Top Takeaways from Day 1 of Talent Connect London
November 12, 2014
It’s the end of day one at Talent Connect London, and what a day it’s been! The 1500-strong audience has heard from talent leaders and social media gurus at companies spanning automotive, tech, retail, oil and gas, telecoms, finance advertising and more. The speakers shared the stories of their successes and challenges, and most importantly, what they’ve learned along the way.
In the spirit of shared learnings, here’s a taste of what we’ve learned from today’s keynotes. If these topics sound intriguing to you and you want to hear the entire talks, you can watch our keynote stream at 1pm GMT on 13th November. If you haven’t already, register now to get the full stories.
1. The fundamental difference between “good” and “great” is talent.
Ariel Eckstein, LinkedIn’s Managing Director of EMEA, shared his view that the single most important decision made in any company is who you hire, because these hires will manage your people, build your products and services, and look out for your customers’ best interest.
2. Forget the needle in the haystack - recruiting could be like finding an atom in a hayfield.
But don’t worry - Wade Burgess, VP of LinkedIn Talent Solutions, explained that as LinkedIn scales towards our goal of hosting three billion profiles - one for every member of the global workforce - we will focus on making sure our customers can find the right person for the right job at the right time. And we’ll do that by listening to what you have to say about what you need to successfully hire the best talent.
3. The right insights will help recruiters become strategic business partners.
Hiring managers often don’t realise they’re looking for unrealistic candidates, so use LinkedIn insights and our new data visualisation tool to help them understand that the candidate they’re asking for is a purple squirrel - a mythical creature which no one is sure exists. Then use this tool to identify opportunities for expanding your talent pool by broadening specific criteria.
4. Being first is about daring, taking risks and being unique.
L’Oreal aren’t content to just be the company that produced the first ladies’ hair colour, or that launched the first cosmetic advertisement; they want to lead the way when it comes to talent too. To do this, they have taken risks by establishing a culture of “creative confidence” in their employees to brainstorm unique ways to attract talent, like their Madeleine Diaries campaign, which really has to be seen to be appreciated, so tune into the stream for all the details.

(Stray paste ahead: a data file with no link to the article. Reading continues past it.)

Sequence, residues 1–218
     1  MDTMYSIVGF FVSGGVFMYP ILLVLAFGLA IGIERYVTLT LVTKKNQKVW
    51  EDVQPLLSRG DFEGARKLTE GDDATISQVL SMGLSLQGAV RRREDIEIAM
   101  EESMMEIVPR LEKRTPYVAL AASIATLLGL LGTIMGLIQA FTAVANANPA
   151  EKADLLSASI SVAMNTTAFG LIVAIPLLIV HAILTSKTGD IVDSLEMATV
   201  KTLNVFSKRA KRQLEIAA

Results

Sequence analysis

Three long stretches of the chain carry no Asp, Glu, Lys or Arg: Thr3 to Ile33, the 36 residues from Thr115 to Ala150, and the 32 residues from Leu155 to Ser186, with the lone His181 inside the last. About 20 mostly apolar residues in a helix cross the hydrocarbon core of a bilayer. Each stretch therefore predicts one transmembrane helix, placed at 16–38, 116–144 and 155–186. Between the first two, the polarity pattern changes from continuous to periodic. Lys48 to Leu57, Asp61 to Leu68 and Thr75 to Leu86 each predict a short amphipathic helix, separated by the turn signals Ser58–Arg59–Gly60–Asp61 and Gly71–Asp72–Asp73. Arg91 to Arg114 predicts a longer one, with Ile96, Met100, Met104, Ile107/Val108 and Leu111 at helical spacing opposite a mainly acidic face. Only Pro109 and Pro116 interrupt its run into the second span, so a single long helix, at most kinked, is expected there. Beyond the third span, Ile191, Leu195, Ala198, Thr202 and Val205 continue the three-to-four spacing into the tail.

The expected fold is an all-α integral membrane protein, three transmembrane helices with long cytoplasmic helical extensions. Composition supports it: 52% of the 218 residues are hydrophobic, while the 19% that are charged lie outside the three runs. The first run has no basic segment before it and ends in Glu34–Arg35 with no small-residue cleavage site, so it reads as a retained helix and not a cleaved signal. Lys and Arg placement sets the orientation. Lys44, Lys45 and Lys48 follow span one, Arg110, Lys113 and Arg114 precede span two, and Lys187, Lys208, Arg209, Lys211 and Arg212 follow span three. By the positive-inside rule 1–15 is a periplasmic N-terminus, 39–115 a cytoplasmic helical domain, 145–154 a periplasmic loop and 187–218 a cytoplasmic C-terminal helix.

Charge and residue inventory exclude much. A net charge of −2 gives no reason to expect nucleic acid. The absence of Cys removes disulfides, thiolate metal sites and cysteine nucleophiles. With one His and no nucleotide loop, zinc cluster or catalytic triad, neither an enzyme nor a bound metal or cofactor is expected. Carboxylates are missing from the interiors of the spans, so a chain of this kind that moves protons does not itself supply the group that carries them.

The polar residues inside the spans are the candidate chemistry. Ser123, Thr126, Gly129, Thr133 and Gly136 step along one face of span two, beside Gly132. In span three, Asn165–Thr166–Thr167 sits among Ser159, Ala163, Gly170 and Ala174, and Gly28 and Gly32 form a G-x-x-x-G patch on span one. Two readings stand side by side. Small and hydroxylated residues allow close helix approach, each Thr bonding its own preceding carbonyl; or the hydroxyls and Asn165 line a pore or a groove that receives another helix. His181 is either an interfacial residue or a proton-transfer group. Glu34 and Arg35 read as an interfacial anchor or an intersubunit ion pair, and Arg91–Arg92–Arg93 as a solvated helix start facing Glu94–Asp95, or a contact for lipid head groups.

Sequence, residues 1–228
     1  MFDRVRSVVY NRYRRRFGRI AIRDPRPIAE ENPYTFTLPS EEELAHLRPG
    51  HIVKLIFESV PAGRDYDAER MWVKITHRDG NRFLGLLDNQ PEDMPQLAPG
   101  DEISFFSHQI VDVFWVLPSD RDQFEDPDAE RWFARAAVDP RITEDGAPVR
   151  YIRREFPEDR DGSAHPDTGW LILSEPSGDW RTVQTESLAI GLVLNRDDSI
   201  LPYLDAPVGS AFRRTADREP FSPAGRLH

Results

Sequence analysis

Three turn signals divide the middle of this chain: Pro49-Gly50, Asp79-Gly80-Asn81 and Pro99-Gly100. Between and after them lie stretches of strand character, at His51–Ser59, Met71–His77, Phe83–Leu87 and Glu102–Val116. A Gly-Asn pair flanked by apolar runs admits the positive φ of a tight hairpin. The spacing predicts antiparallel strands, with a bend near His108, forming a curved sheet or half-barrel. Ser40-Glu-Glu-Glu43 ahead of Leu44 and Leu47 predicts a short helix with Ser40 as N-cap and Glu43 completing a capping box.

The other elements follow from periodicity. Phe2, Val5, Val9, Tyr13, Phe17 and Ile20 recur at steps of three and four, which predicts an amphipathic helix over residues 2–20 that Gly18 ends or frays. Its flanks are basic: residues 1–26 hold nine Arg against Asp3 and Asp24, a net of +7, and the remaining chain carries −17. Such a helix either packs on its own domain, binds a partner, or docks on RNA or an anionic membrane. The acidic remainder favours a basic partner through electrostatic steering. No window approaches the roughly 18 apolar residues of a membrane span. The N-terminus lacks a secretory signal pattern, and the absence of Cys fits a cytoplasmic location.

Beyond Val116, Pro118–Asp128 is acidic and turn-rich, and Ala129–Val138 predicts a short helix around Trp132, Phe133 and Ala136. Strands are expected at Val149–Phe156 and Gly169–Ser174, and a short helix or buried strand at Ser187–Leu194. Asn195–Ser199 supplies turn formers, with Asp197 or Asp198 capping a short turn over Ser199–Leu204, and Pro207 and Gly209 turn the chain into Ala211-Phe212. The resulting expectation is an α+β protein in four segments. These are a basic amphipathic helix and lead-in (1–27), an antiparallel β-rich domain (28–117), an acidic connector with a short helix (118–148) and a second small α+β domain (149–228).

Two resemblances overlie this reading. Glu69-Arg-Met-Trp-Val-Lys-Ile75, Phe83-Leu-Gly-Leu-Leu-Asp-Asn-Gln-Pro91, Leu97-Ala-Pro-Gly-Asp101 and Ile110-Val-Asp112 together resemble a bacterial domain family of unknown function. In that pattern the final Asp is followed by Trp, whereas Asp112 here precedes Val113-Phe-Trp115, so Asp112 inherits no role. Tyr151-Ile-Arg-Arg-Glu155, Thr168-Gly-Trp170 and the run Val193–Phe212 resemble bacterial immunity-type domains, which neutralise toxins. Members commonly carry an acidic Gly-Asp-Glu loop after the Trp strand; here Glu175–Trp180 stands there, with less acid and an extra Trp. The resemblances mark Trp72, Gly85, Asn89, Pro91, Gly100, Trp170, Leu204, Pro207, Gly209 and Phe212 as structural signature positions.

5. You can follow an unlikely path to reach great destinations.
L’Oréal use channels which might not be immediately obvious as talent-related channels to build a multi-faceted experience for their potential candidates, using SoundCloud, Jelly, Medium, and more to build share their story as an employer.
6. Candidates feel first and think second.
Dave Hazlehurst explained that people connect emotionally with the “why” rather than the “what” or “how”, so ask your employees why they work for your company, to understand the emotional drivers that will humanise what you do and make people feel good about connecting with you.
7. A brand is not what you say it is, it’s what they say it is.
Your brand is only as strong as what people say about it when you’ve left the room. You can’t control it, but you can influence it by moving away from trying to connect people with your company, towards connecting people with your people. How? Use employee advocacy to tell stories through your people, to become a team that people like following and, in turn, become a company that people want to get involved with.
We’re excited to see what tomorrow at Talent Connect brings, but in the meantime if you can’t be there in person, be sure to join us online at 1pm tomorrow, 13th November, for a stream of all of today’s and tomorrow’s keynotes, plus exclusive online-only commentary and backstage interviews.